Huntsville Police Department officer charged with murder will argue self-defense in court Wednesday

HUNTSVILLE, Ala. -- A Huntsville police officer charged with murder is expected to be in court for an immunity hearing Wednesday morning.

Officer William Darby is asking a judge to rule that he acted in self-defense when he shot and killed 49-year-old Jeffery Parker in April 2018. Police say Parker called 911 saying he was suicidal.

Unlike most criminal court proceedings, the defense has the burden of proof in Wednesday's hearing. But the defense also isn't required to prove its case beyond a reasonable doubt. Darby's attorney's need to convince a judge -- there is no jury --  that there is a greater than a 50 percent chance he acted in self-defense.

Darby’s lawyers argue he was acting lawfully at the time of the on-duty shooting. They contend he was defending himself and other officers.

And they argue in order to file a murder charge against him, Darby’s on-duty conduct would have to be so bizarre as to defy rational explanation.

Huntsville Police Chief Mark McMurray previously said Darby only fired after Parker refused multiple commands to drop his weapon. A Huntsville shooting review board cleared Darby of wrongdoing in May 2018.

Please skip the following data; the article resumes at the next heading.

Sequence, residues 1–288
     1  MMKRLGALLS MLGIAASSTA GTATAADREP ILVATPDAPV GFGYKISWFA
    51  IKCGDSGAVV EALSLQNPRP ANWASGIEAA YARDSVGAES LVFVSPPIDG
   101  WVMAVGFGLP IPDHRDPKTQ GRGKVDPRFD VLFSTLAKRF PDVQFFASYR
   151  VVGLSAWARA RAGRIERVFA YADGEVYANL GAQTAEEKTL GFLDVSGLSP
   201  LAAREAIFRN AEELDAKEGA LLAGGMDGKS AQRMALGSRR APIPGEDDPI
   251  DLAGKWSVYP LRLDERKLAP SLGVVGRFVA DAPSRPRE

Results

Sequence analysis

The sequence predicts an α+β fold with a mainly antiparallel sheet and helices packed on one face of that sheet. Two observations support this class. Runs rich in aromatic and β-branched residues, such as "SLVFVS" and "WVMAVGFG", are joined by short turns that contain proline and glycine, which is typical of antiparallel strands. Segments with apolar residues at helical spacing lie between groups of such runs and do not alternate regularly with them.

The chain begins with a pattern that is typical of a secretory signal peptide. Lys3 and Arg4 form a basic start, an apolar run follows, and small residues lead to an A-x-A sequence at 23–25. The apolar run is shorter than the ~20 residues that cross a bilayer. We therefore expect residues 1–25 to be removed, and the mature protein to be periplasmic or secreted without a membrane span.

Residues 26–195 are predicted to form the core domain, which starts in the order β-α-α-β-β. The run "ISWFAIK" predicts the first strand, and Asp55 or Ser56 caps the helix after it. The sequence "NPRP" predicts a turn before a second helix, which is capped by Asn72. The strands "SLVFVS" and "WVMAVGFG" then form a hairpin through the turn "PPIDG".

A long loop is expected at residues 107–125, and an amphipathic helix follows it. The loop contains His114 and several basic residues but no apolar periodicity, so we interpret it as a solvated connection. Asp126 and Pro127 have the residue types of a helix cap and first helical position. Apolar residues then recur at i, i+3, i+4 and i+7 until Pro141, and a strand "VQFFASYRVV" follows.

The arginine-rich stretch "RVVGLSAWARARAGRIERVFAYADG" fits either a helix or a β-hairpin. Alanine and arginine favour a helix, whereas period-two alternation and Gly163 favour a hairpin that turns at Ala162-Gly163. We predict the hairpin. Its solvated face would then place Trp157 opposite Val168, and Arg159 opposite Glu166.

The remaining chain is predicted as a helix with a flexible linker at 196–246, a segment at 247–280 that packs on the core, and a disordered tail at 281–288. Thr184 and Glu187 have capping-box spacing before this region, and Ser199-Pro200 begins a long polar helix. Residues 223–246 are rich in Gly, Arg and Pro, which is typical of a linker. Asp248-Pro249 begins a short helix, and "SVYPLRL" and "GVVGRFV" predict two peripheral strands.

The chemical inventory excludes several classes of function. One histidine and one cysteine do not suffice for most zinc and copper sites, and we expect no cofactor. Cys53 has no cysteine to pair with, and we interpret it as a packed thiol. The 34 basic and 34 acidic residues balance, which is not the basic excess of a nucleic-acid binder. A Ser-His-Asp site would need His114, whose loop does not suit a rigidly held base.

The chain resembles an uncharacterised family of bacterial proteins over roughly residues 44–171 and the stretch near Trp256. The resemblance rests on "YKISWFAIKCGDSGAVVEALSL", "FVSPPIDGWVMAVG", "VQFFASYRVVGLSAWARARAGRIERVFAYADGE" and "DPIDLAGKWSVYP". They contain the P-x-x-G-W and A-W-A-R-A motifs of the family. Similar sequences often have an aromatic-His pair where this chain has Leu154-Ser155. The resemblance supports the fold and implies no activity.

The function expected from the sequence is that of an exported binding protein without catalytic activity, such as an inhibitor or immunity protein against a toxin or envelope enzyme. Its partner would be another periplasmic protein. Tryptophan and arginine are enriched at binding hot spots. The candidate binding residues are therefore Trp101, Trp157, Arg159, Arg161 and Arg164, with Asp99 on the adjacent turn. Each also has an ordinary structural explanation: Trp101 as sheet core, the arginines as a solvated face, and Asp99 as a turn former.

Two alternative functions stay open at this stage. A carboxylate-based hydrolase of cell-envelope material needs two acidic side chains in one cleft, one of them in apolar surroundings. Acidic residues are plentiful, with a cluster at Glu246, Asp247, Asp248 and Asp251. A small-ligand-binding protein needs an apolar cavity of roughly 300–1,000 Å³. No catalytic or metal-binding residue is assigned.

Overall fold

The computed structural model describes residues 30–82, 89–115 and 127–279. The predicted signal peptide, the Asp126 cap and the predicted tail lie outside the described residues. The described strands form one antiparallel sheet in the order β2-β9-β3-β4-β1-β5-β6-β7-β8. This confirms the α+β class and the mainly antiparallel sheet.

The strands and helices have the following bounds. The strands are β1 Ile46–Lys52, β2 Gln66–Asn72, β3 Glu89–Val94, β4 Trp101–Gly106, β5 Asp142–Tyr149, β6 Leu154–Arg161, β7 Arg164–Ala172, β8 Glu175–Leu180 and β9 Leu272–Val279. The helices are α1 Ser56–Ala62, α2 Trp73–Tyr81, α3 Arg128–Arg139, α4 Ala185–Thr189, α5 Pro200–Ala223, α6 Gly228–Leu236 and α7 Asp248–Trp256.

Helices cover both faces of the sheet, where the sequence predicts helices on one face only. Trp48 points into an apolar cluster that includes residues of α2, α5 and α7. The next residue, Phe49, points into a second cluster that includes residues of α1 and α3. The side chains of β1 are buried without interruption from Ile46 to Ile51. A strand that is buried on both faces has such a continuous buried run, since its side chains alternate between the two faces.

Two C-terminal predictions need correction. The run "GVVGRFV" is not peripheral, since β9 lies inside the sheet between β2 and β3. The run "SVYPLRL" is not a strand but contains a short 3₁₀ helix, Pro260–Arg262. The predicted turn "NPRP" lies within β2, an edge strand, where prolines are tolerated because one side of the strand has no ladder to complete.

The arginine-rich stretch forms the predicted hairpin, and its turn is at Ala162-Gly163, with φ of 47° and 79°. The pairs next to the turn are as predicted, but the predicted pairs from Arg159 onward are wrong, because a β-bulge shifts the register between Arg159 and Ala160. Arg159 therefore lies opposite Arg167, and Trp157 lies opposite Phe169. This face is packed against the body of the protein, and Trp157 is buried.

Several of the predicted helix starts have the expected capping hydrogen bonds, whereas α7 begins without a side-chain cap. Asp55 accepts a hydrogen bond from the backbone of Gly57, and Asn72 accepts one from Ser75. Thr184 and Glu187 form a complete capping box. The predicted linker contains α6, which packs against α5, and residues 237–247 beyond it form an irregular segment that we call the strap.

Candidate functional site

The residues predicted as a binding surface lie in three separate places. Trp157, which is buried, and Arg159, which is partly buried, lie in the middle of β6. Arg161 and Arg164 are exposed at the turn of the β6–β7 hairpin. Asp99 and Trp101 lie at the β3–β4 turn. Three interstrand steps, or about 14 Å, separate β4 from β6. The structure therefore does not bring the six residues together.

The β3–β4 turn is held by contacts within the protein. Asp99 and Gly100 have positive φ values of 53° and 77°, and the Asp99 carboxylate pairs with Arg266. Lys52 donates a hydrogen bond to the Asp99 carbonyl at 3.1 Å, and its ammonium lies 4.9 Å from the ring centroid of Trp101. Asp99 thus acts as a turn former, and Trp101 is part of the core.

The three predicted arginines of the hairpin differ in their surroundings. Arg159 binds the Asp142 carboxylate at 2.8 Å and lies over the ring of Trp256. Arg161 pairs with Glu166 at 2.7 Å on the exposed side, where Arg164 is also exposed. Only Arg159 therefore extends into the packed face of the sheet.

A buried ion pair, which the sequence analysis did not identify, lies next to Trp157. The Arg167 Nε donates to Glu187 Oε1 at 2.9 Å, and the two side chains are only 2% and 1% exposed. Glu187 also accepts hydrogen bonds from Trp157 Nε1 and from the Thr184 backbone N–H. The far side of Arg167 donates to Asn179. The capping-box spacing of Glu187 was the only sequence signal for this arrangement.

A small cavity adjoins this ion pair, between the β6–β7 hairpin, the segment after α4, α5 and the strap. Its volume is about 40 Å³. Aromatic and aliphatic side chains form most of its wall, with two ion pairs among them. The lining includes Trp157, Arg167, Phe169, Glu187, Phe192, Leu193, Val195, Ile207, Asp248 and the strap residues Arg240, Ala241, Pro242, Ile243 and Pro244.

But the Madison County District Attorney's Office and grand jury saw something different.

District Attorney Rob Broussard said last year this is his first prosecution of a police officer for murder in 30 years as a prosecutor in Madison County.

“Usually what you’re looking at is whether an officer reasonably feared for his life, before he was forced, to take, to use deadly physical force,” Broussard said in August, after announcing Darby's indictment. “And on these particular facts of the case, we had concern.”

Wednesday's hearing is likely to give the public a clearer picture of the evidence prosecutors and the defense have in the murder case. Three FBI agents, and the officers who were on scene with Darby that day, are expected to testify.

Madison County Circuit Judge Donna Pate will ultimately decide if Darby proved that he acted in self-defense, or that the case needs to move forward to a jury trial.

The hearing is set to begin at 9 a.m. Wednesday morning. You can count on WHNT News 19 to keep you up to date with the very latest on this case on air, WHNT.com, and the WHNT News app throughout the day.

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